The Media Oxpecker: Twitter’s ‘Absolutely Filthy Bathroom Wall’

Every Friday we round up media & tech industry news you may have missed while you were busy trying to fix that damn typewriter.

  • Google Believes in Humanity After All (Kinda)! After proudly declaring when it launched nine years ago that it was “generated entirely by computer algorithms,” Google News this week changed the equation — but only slightly — by rolling out a new section in the U.S.: Editors’ Picks, which are selected by individual publishers.
  • Quick Growth for Google+: A new survey finds that Google’s new social-networking site may grow to claim 22 percent of online American adults within a year, surpassing Twitter and LinkedIn to become the second most popular social site, after Facebook. It remains to be seen, however, if the growth will change the problem the site is having so far with being a male-dominated “sausage party.”
  • Introducing Newsbeat: The people behind the popular realtime analytics tool Chartbeat have launched a new version today specifically designed for news publishers — Newsbeat. As Poynter’s Jeff Sonderman points out in an informative overview, “it’s a more powerful tool for understanding your Web traffic, but also comes at a higher cost.” (Entry-level subscriptions start at $199 a month.)
  • The Problem With Promoted Tweets: Well, they’re pretty damn expensive, for one thing. They are also, as Matthew Creamer so aptly puts it, “often surrounded by an unruliness that makes it not unlike a high-end restaurant with an absolutely filthy bathroom wall.”
  • FourSquare Brand Pages: They’re now self-serve, so get in while the getting’s good, if you haven’t already.
  • Facebook & E-Books: The giant social networking site raised plenty of eyebrows this week when it acquired e-book publisher and app maker Push Pop Press; The Guardian, for one, called it a “red alert for publishers.”
  • What Can the Open Source Movement Teach Journalism? Nieman Lab reports on the Knight-Mozilla News Technology Partnership, and finds that journalism can learn plenty of lessons from idealistic technologists, but that open source — unfortunately — can’t help journalism find a sustainable business model moving forward.
  • Fewer Wikipedians on Board: Wikipedia is “scrambling to simplify editing procedures in an attempt to retain volunteers” in response to a drop in contributors. Founder Jimmy Wales chalks the attrition up to “26-year-old geeky male[s]” who move on to other (presumably better?) things in life, and to the fact that there are fewer new entries to add to the site as it reaches maturity.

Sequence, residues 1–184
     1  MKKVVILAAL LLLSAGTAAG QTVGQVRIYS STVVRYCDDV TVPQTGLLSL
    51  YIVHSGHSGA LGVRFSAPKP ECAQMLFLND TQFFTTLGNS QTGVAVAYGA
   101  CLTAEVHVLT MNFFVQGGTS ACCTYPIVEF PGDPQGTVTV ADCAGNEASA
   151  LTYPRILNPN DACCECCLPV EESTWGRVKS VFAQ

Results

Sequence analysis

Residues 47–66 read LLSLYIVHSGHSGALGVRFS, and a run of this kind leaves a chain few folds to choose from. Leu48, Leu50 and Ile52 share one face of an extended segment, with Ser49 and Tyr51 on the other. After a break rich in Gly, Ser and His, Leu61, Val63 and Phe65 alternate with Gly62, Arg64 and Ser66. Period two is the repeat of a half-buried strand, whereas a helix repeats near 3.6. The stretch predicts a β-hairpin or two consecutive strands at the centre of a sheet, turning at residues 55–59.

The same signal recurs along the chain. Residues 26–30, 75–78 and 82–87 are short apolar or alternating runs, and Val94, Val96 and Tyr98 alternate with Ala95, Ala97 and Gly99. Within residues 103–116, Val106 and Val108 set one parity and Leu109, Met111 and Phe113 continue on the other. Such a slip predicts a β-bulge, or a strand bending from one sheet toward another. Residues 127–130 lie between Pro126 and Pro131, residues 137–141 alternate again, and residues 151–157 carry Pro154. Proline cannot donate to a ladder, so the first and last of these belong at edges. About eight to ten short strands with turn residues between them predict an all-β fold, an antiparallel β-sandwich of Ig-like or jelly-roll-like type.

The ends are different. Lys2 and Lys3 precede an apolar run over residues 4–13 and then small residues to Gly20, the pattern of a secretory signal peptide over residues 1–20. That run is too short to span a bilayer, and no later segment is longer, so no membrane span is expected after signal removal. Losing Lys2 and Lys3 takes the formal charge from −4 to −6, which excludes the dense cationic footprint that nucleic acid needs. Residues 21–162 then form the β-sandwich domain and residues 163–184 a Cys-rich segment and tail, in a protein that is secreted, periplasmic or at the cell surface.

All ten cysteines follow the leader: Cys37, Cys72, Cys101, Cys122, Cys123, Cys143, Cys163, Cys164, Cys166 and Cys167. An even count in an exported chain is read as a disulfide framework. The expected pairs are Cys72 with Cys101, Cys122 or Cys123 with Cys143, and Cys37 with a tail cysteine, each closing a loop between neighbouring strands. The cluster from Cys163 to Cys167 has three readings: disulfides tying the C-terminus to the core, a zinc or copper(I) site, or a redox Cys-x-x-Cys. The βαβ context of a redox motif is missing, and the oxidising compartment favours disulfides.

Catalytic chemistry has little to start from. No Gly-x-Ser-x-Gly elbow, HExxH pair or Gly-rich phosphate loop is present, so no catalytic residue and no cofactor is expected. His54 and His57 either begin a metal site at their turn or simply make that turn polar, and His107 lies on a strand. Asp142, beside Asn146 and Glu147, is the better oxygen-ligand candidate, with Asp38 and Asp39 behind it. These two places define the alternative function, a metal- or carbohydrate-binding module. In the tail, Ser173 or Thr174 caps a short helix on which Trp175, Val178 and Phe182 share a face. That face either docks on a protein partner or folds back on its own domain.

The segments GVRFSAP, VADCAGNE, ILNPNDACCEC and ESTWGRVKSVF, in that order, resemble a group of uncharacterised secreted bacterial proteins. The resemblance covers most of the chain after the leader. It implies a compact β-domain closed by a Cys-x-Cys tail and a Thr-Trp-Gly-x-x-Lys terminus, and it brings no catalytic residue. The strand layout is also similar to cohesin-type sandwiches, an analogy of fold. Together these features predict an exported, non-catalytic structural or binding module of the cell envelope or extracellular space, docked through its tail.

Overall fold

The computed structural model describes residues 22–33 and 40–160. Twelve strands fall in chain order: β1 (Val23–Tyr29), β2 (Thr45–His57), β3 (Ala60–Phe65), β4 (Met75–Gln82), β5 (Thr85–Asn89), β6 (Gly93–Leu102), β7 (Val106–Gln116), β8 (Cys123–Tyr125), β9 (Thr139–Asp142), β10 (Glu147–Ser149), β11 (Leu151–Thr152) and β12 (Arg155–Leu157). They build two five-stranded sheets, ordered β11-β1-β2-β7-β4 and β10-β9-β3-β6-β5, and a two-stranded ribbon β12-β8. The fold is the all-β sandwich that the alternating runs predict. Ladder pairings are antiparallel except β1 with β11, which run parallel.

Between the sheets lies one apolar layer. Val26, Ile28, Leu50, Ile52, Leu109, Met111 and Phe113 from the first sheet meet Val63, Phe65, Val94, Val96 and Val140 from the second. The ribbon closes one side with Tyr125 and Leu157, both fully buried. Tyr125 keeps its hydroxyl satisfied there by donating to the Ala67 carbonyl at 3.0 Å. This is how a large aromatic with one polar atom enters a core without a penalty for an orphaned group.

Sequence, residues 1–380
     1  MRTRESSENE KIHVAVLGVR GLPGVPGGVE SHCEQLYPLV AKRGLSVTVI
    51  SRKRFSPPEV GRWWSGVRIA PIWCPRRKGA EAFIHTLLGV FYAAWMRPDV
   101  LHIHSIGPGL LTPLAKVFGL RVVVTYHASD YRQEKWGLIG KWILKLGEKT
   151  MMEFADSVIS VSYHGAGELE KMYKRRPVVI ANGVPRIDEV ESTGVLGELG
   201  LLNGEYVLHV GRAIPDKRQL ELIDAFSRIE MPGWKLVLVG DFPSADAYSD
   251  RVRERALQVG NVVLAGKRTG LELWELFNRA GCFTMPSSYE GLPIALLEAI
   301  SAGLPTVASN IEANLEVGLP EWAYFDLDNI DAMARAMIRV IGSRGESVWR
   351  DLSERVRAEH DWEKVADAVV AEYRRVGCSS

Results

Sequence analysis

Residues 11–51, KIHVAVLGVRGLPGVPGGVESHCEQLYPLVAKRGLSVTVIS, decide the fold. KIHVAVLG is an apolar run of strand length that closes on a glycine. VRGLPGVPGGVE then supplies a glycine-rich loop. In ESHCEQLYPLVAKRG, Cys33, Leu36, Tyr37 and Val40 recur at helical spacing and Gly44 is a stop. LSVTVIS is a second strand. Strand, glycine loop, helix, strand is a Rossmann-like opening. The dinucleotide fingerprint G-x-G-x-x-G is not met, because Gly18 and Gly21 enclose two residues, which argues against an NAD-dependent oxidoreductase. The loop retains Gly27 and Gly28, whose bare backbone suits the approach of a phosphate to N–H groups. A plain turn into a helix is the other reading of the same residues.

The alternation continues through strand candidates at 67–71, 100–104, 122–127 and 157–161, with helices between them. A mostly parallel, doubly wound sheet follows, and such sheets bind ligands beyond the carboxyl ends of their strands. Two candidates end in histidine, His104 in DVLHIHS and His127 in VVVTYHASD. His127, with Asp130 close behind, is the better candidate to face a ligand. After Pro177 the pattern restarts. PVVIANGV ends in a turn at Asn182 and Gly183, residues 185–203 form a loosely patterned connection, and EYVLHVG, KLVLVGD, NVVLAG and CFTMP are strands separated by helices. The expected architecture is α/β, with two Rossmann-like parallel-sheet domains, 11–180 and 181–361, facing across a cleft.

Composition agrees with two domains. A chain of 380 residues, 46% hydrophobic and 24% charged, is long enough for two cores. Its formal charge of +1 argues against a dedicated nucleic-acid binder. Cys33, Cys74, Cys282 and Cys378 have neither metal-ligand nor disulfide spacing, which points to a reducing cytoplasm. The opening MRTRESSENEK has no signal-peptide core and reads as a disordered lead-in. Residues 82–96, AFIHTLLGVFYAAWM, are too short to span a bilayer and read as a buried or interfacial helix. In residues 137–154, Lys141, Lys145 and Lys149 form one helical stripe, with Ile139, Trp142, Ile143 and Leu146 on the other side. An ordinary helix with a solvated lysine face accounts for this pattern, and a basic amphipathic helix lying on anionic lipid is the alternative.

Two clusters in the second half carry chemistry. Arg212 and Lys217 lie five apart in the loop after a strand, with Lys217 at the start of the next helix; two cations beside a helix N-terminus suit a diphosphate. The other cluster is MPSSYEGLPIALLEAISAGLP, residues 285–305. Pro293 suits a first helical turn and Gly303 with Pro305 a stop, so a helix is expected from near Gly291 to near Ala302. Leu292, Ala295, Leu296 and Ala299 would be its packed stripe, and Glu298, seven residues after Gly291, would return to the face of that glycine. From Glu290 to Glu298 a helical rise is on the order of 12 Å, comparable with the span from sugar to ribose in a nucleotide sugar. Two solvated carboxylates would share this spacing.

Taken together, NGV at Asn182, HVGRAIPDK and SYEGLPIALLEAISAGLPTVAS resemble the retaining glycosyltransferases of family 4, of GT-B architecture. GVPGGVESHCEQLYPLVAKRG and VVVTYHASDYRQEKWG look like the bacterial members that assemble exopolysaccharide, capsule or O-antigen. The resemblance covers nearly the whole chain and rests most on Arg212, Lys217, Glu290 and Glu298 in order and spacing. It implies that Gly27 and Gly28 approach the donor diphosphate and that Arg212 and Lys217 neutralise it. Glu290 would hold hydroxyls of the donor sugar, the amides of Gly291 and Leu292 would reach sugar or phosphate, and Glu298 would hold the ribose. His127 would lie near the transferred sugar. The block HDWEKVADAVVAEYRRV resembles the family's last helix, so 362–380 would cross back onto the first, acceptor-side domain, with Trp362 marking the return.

• Email Design Informed by Print: Spurred into action by a recent DzineBlog post, MediaPost’s Email Insider looks into the trend of taking email blasts beyond text by incorporating creative print-inspired design. “The way that subscribers interact with email is evolving, and so should our designs,” the blog notes.
  • Cookie Crumbs: Hulu and Spotify have suspended use of KISSmetrics’ analytics service, which was using “ETag” technology to track users — even after they had deleted their cookies, and two consumers have filed a potential class-action lawsuit against the company as well.
  • Coming to a Hipster Neighborhood Near You? A student newspaper in Florida “embraced pre-computer technology” to publish an issue; there is a great recap here. It makes us wonder: could analog publication production be the next big thing for the handlebar mustache-wearing, home-canning, cassette-making DIY set?
  • Think Before You Buy That Drone: The Daily’s use of drone aircraft to capture images from the sky has drawn a review from the Federal Aviation Administration.
  • So Who’s Got the Lower IQ: Internet Explorer users … or all the reporters who fell for the apparent hoax? SiliconFilter helpfully details three key reasons the hoax stuck (including the good old “Microsoft sucks, doesn’t it?” meme).